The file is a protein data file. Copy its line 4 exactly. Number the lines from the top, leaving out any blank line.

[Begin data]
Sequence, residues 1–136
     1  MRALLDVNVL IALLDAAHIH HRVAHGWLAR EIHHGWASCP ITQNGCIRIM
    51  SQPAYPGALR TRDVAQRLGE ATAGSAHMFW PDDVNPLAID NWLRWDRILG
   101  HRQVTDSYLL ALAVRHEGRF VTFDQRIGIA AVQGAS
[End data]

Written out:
   101  HRQVTDSYLL ALAVRHEGRF VTFDQRIGIA AVQGAS